Knee joint is the largest synovial joint in the body, combined considerable mobility and strength with the stability necessary to lock the knee in the upright position. A bicondylar hinge joint, the knee is made up of three functional units; the medial and lateral tibiofibular compartments and the patellofemoral joint. The superior tibiofibular joint is included in the knee complex, which is often forgotten as a source of lateral leg and knee pain. It needs to be examined routinely in movement disorders of both the foot and the knee1.


In the musculoskeletal disorders, knee (OA) is one of the most common disorders which affect the patients and it exceeds prevailing articular disorder. It is also the major cause of disability and socioeconomic burden2.


The diagnosis of the knee can be done with considerable certainty and many conditions are easily curable. History is of critical diagnostic importance. The knee pain is usually Well localized and many of the tissues are accessible to palpation. Pain originating from the knee is limited to the four dermatomes which may also be affected by pain arising from the lumbar Spine L2 (left) L3 (right)3.

Jharna Devi

Senior Physiotherapist

Department of Physiotherapy

Ziauddin Hospital

Syed Abid Mehdi Kazmi


Department of Physiotherapy

Ziauddin Hospital

Nabiha Mujahid Faruq

Senior Physiotherapist

Department of Physiotherapy

Ziauddin Hospital

Iqbal Ahmed Siddiqui


Department of Physiotherapy

Ziauddin Hospital

Samreen Iqbal

Senior Physiotherapist

Department of Physiotherapy

Ziauddin Hospital

Zuhaira Faruqui

Internee Physiotherapist

Department of Physiotherapy

Ziauddin Hospital

[Devi J, Kazmi SAM, Faruq NM, Siddiqui IA , Iqbal S, Faruqi Z,. Guideline for the Management of Knee Pain. Pak. j. rehabil. 2012;1(1):37-41]


 The following DD has been suggested for knee pain based on anatomical site4.

  1. Osgood-Schlatterdisease

Osgood-Schlatter disease is an overdoing injury which takes place in the teenager’s knee area that is caused by inflammation in the tendon below the kneecap (patellar tendon), through which it attaches with shinbone (tibia). The teenagers participating in various sports activities including gymnastics, soccer, basketball and distance running are exposed to this disease5.

Physiotherapy Treatment

  1. Ice or cool compress the person can get relief from the pain and reduce the swelling of the affected part of the body by applying the cool compress or ice for fifteen minutes6.
  2. Limitation of physical activity for six to eight weeks with a gradual return to full participation over another six-to-eight-week period has been monitored as an effective plan in reducing pain for these patients.
  3. Knee brace or support the stress at the tibial tuberosity may be reduced by using the strap on the front of the kneecap in the course of heavy physical activities.
  4. Low intensity quadriceps stretching has shown to decrease pain along with strengthening of the vastus medialis oblique, which have been observed to decrease pain for these patients7.
  5. Crutches The crutches may be used for few weeks by the person suffering from severe pain, it is applied for reducing the stress level on the knee and it also allows healing.

Prognosis In most of the cases Prognosis gets better after few weeks or months, it eventually leaves once the child has finished growing8.

  1. Jumper’s Knee

It commonly contains the attachment of kneecap tendon to the lower kneecap pole, It causes the injury or inflammation in the knee, where the thigh muscles tendon are attached to the upper kneecap pole and to lower leg bone9. The Jumper’s knee is usually observed in around 20% of jumping athletes10.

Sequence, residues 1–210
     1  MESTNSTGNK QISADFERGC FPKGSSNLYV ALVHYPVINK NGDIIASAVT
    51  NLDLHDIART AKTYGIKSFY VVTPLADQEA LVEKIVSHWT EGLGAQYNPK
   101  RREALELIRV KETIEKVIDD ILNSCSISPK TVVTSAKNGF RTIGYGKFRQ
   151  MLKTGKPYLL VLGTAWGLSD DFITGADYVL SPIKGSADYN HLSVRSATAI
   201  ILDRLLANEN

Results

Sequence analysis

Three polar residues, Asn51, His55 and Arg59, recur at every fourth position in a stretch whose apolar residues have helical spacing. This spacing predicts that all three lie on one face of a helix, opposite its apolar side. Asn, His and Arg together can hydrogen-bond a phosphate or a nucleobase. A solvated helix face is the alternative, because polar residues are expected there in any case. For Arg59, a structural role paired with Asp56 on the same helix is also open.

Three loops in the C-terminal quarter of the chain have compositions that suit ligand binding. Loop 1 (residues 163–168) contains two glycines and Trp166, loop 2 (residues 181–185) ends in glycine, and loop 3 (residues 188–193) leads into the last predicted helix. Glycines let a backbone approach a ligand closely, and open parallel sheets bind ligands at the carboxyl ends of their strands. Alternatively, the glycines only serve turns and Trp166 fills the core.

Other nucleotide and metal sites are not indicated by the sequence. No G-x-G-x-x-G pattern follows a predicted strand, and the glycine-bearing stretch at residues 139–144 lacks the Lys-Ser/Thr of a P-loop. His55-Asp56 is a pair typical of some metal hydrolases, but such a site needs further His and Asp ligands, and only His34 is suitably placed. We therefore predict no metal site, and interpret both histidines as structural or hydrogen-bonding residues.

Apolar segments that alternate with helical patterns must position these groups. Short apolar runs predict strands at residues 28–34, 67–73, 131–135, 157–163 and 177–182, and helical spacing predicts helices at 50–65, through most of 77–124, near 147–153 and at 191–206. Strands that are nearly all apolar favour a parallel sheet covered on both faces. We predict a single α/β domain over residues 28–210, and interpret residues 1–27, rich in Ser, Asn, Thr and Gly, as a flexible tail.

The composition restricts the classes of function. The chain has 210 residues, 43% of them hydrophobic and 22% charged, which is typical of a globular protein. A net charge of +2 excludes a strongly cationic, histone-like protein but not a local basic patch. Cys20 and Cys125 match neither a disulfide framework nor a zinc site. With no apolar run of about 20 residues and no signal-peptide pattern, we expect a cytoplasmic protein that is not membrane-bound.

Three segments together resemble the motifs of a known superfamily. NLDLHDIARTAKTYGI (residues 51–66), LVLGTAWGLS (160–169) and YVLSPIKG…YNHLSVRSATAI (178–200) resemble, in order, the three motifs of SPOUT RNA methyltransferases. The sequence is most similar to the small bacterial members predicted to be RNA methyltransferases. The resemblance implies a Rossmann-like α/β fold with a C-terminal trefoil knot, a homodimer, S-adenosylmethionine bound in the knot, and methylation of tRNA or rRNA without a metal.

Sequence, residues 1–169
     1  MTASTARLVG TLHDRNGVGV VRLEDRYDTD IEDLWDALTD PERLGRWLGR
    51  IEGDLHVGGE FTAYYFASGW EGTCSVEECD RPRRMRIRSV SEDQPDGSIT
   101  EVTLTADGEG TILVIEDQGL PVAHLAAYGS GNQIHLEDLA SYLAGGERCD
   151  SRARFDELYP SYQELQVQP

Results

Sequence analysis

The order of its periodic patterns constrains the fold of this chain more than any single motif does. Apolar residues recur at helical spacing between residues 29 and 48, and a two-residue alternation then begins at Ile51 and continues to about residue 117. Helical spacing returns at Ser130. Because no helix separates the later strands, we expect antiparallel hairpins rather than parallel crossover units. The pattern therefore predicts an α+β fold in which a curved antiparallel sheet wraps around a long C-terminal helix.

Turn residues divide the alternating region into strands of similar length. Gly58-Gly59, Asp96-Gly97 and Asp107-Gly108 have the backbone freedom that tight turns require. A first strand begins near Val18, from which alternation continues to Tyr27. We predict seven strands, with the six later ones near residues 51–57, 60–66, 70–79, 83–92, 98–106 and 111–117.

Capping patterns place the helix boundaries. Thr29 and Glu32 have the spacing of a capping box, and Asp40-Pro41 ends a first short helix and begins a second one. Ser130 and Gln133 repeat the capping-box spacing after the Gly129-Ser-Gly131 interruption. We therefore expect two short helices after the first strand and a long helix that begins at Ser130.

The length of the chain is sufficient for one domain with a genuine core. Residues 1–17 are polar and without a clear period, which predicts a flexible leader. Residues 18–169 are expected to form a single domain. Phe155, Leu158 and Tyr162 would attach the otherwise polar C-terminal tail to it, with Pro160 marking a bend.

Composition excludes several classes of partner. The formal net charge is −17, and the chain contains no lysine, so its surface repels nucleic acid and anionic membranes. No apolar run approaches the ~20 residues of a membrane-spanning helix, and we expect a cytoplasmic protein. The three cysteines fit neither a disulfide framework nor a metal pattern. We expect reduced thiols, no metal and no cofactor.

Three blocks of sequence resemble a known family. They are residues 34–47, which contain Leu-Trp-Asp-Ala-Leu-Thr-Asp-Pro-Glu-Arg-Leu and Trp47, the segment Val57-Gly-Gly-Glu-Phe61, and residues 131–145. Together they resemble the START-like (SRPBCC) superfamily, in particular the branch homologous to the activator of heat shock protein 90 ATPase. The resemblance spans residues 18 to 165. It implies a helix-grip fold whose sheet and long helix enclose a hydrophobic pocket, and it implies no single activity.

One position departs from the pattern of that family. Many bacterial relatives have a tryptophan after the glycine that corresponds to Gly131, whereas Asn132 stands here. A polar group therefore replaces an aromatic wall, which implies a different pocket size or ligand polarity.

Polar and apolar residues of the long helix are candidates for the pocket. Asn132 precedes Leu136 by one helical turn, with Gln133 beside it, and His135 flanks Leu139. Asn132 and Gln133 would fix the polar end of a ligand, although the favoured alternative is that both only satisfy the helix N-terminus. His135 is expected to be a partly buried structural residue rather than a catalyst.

1. The Cold therapy can be applied on the regular basis following any type of exercise.
  2. For reducing the pain use the knee strap for knee support.
  3. Transverse friction massage to the tendon.
  4. Quadriceps stretching and eccentric strengthening. If conservative treatments do not respond then other treatment option is surgery. After the surgery of patellar tendinopathy, it requires a number of months for rehabilitation.
  5. Meniscus Tear

It is rupturing of one or more of the fibro cartilage strips in the knee called menisci, which is a C-shaped piece of cartilage found in the knee joint. Meniscus protects the joint and serves as a shock-absorption system. It helps in lubricating the joint, at the same time restricts its ability to flex and extend12. Meniscal injuries are the most common knee injury, further its prevalence is 61 cases per 100,000 persons. After the age of 65 years degenerative meniscal tear is 60%13.

Post-Operative Rehabiltation14

The goals of the physical therapy program are given here under;

  1. To minimize the effusion
  2. Normalize gait

III. Normalize pain-free range of motion.

  1. Prevent atrophy of muscles, preserve its proprioception, and keep up the cardiovascular endurance.
  2. Exercises

– Static Quad exercises

– Straight-leg raise to the front

– Straight-leg raise to the outside

– Straight-leg raise to the back

– Hamstring curls

– Heel raise

– Heels dig bridging

– Half squat

  1. Patellofemoral Pain Syndrome

Patellofemoral joint pains are more common in musculoskeletal disorders in the all age groups, symptoms of which are anterior knee pain to peripatellar knee pain. In United States, Patellofemoral joint syndrome rate is around 25% of all athletes15.



The Ice is used as an anti-inflammatory “medication,” however its effective use is for 10-to-20 minutes.

Taping The Knee16

Friction may be reduced by taping the patella in different positions.


  1. Static Quadriceps Contraction
  2. Adductor Squeeze (Supine)
  3. Knee Bend to Straighten
  4. Hip Extension in Standing
  1. Baker’s Cyst

it is a fluid which forms a lump at the back of knee. Baker’s cystitis also known as a popliteal cyst. The bursa can connect with the sac which supports knee bones (the synovial sac) to develop a cyst 18.

Exercises for a Baker’s Cyst19

The following exercises are commonly prescribed to patients with a Baker’s cyst.

  1. Knee Bend to Straighten
  2. Static Quadriceps Contraction
  1. Patellar Subluxation